Senior Macrobiotic Teacher and Counselor Coming to Honolulu

Warren teaching
Originally uploaded by macro808

I was living in Japan when I started macrobiotics. I managed to find a counselor in the area, and plunged headlong into learning how to cook. From there, I became engrossed in all the lectures I could possibly attend, even though they were in Japanese.

How I would have loved to hear them all in English.

This is why I am so thrilled Warren is coming.

I first met him in Vermont, when I was working as a Cooking Class Volunteer, and again two more consecutive years after that as the Cooking Class Coordinator.

I have to say, he’s brilliant. Every time I hear him lecture, I learn so much.

It’s so exciting that he’ll be here!!

Body Scrub

This week I was blessed to go to a Korean Spa for the first time. Part of the day’s bliss was enjoying a body scrub. After sitting in the heated pool for about 30 minutes to soften my skin, a lovely Korean woman invited me onto a table, much like a massage table, and scrubbed my body from head to toe, followed by pouring hot water over me. It’s pretty shocking to see the amount of dead skin that gets exfoliated.

This procedure reminds me of the body scrub recommended in macrobiotics which is an equally wonderful way of achieving the same results: clear, soft, radiant, smooth, youthful skin; better circulation; and removal of toxins from the body.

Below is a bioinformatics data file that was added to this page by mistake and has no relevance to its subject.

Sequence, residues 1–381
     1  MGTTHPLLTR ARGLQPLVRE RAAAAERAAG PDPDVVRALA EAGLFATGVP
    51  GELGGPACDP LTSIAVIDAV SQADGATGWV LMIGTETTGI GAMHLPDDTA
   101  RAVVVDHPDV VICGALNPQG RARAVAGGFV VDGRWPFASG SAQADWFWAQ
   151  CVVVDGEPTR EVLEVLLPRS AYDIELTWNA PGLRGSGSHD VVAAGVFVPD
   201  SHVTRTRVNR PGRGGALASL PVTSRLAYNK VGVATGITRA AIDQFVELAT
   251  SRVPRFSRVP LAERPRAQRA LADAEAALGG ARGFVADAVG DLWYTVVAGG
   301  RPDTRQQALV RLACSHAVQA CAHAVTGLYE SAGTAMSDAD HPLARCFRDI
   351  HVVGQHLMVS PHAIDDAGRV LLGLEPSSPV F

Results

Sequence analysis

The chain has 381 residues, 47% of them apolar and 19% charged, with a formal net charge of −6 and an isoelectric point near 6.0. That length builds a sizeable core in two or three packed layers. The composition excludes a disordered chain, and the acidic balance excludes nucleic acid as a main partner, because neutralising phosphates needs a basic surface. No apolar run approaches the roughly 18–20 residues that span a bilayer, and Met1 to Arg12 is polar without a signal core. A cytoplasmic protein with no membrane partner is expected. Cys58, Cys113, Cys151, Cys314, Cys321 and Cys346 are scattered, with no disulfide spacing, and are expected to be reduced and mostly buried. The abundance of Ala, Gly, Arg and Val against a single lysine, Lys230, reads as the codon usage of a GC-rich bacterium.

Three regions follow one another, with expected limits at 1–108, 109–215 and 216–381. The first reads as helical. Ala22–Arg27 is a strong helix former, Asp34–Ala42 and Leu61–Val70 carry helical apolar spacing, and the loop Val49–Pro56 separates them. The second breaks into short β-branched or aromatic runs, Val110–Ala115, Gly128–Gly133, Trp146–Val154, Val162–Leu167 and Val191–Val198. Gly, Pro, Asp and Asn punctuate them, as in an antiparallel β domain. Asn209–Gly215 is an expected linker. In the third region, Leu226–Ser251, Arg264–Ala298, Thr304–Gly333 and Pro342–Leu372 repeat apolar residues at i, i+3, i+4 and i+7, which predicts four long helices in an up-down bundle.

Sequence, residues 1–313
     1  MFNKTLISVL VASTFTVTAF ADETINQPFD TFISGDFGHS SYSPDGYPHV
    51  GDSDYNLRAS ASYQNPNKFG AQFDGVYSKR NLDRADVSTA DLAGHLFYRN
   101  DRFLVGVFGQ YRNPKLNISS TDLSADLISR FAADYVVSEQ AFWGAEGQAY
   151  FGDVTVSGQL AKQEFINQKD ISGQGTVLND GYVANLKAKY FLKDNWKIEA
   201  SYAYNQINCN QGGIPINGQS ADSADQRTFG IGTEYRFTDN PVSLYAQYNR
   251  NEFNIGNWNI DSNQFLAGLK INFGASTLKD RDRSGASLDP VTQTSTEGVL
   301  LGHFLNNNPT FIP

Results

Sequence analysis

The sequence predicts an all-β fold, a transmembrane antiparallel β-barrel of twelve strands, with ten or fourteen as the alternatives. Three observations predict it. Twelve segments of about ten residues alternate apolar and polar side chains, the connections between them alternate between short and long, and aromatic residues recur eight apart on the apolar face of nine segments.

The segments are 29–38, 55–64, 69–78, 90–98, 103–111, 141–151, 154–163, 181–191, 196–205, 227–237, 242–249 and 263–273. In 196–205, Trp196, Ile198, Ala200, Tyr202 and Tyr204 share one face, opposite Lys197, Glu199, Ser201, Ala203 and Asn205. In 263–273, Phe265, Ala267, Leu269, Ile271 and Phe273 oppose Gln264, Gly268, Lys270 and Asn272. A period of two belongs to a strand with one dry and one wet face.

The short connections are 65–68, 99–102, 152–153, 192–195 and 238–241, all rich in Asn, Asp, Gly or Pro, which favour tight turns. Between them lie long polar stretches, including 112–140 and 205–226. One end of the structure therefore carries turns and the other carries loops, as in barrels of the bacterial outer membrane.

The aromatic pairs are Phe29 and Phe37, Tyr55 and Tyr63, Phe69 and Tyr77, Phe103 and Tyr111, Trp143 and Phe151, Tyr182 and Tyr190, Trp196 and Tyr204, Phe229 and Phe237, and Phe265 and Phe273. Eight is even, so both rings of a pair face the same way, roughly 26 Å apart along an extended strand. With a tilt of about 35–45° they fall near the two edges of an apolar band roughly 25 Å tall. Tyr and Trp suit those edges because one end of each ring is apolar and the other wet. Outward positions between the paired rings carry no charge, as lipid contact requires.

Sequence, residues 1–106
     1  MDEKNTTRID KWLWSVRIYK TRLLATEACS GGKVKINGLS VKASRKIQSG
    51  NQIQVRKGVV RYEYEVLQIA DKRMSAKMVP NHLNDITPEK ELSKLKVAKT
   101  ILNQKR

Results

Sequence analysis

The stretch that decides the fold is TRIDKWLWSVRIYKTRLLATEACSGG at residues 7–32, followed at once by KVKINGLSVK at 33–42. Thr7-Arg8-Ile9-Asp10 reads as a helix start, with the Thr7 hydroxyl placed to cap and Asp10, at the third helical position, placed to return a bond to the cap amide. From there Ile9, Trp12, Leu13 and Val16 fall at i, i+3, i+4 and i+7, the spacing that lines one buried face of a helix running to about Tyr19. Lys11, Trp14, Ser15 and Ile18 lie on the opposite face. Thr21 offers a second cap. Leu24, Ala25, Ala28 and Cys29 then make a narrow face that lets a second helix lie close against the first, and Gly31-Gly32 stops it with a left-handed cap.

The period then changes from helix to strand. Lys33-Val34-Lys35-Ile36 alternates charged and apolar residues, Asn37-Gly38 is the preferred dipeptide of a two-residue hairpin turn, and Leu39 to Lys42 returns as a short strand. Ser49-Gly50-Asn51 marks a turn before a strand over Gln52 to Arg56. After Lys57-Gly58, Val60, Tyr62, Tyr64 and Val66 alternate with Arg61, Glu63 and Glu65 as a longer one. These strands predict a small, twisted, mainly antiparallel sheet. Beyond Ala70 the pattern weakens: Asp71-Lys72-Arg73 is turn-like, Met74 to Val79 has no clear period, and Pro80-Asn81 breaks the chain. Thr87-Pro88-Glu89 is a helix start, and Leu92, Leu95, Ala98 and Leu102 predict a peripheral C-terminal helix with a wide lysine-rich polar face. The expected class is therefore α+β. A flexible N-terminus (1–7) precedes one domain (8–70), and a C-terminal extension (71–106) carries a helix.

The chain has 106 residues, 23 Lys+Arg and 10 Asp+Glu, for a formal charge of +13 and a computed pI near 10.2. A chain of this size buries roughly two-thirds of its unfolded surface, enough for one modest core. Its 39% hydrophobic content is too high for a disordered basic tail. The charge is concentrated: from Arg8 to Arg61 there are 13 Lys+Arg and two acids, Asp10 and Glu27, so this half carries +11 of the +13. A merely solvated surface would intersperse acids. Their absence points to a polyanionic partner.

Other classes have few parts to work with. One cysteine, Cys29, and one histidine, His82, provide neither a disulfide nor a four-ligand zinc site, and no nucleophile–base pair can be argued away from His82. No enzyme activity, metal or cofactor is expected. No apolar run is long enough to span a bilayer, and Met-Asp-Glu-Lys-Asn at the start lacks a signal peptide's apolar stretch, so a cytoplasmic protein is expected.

How do you do it?

Get a large bowl or a bucket of hot water, as hot as you can tolerate, and dunk a washcloth into it. Squeeze out the excess water, and scrub your body from head to toe. When the washcloth cools down, put it back in the water and repeat squeezing it out and rubbing your body. A good body scrub takes about 15-20 minutes and should make your skin a little bit pink.

When you do this daily (or twice daily), it helps to move any stagnated energy through your body.

A body scrub in the morning will help wake you up and energize you for the day, and one in the evening will help you relax and fall asleep more easily.

Easy Lentil Soup Recipe

When I’m looking for a quick, easy, and inexpensive but delicious and nutritious meal, I put together a lentil soup. Lentils are low on the glycemic index, low in calories, and high in fiber and protein.

Lentil Soup

1/2 cup lentils (green or French)
1 onion, diced
1 carrot, diced
1 stalk celery, diced
1/2 cup organic corn
1/2 cup winter squash, kabocha or butternut, diced
1/4 cup burdock root (optional, for a smoky flavor)
1 to 2 tsp thyme
miso or sea salt, to taste
4 to 6 cups water
bay leaf, optional

Rinse the lentils and place in a pot with the water and bay leaf. Bring to a boil and cook for about 20 minutes. Meanwhile, cut all the vegetables. Add them to the lentils along with the thyme. Cook for an additional 15 to 20 minutes, or until the vegetables are soft. Season with sea salt or miso to taste.

Warren Kramer coming to Honolulu